“We want to eventually make all of our own feed. This will help eliminate some risk for us,” Halligan said.
Another risk the Halligan’s face is the way that sheep breed. Sheep can be more difficult to manage in a dairy because they are seasonal breeders, and prefer to breed in the fall and lamb in the spring. It is the goal of any dairy to produce milk year-round, so this can be a challenge.
“We have found that the East Fresians and Dorset ewes will breed out of season, and so it is our goal to eventually be lambing three times in two years,” said Halligan.
When the lambs are born, they are allowed to nurse from the mother for six to eight hours to make sure they receive colostrum, and then they are moved to an inside pen with other young lambs. The lambs have rubber nipples they can drink from whenever they want.
The ewes that just lambed are put into a “fresh” pen, and that milk is fed back to the lambs. After a few days these ewes join the rest of the milking herd. Twelve ewes can be milked at a time in the parlor, and while those 12 are being milked, another 12 can be prepared on the other side of the aisle. Each day, a dairy ewe will produce about a half gallon of milk.
The dairy will then milk the sheep for 200 days, and then they are left dry for 60 days to recover. Sheep have a gestation of five months, and usually have twins.
“We usually have right at around a 200 percent lambing crop,” he said.
Once the lambs are big enough, they are moved to a bigger pen, where they can be inside or outside. The lambs will still be fed from an artificial nipple on the wall, but this milk is now from cows. The family keeps a small herd of Jersey cows, and they are there strictly to feed the lambs.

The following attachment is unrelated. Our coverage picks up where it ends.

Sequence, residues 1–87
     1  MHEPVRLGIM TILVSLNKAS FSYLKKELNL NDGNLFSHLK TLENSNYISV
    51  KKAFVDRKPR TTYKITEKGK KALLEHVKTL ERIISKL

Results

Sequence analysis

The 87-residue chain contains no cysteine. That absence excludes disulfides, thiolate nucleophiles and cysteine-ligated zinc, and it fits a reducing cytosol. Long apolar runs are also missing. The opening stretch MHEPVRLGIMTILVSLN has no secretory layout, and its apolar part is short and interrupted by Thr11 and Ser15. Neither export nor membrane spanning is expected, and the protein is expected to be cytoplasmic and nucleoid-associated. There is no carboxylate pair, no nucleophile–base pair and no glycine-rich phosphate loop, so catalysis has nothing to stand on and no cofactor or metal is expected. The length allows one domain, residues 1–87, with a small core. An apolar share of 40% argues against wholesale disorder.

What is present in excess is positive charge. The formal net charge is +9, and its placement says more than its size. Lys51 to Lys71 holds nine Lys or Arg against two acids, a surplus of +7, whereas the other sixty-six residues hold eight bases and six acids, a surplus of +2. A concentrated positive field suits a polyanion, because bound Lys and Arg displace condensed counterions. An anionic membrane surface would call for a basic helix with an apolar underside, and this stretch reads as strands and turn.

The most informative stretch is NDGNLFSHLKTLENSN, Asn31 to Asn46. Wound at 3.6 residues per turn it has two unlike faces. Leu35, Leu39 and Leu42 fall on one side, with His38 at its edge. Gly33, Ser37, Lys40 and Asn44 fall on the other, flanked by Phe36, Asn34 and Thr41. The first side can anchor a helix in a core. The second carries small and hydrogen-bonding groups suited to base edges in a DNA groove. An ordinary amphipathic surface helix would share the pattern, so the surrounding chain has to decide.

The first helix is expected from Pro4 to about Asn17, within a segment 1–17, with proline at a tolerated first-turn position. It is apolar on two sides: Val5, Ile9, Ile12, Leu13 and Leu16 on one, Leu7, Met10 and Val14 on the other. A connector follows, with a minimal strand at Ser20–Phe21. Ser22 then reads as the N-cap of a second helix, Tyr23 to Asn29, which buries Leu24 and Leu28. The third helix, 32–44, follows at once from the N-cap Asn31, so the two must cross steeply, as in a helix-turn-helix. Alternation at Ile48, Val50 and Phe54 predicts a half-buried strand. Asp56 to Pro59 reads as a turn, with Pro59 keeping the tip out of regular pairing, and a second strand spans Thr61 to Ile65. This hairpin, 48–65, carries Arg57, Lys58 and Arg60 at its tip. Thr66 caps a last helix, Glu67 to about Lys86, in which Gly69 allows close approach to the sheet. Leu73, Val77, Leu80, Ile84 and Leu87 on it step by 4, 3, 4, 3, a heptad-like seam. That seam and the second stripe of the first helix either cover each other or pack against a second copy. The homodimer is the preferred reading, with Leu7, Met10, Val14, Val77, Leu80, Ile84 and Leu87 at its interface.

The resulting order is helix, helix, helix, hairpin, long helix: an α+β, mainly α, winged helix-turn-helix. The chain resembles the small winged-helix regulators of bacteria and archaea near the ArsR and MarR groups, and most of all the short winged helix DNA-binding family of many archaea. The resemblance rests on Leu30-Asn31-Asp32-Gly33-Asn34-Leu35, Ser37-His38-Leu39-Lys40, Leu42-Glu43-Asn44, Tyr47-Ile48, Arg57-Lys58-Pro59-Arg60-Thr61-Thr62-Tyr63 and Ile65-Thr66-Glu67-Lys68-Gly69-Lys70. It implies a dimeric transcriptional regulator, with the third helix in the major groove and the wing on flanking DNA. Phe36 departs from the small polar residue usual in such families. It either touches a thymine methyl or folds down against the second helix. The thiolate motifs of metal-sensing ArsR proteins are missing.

After about 30 days, the lambs are weaned and are put onto a total mixed ration. The Halligans will keep some ewe lambs for replacements in their own herd, and the rest are sold as feeder lambs.
“There is a really good market for feeder lambs right now, so we will ship a lot of them to a feedlot to be fed out,” he said.
Initially, the family was keeping every ewe lamb they had on the place to expand the dairy, but now that they are at a larger size, they can be more selective.
“We no longer want to increase the quantity of ewes that we have. Instead, we want to be more selective and increase the milk production per ewe,” Halligan said.
The past few years the dairy has sent lambs to other dairies in New York and California, where some of the largest sheep dairies in the country exist.
However, this year the family is only selling small quantities of ewe lambs, and they are usually sold to people who want to start building their own dairy.
“When we started we had a really hard time finding quality ewes, so that is what we are offering to other people now,” Halligan said.
In the coming months, the dairy will be lambing several hundred ewes, and the dairy will get busier every day. However, the family won’t mind. “We love what we do here,” said Halligan.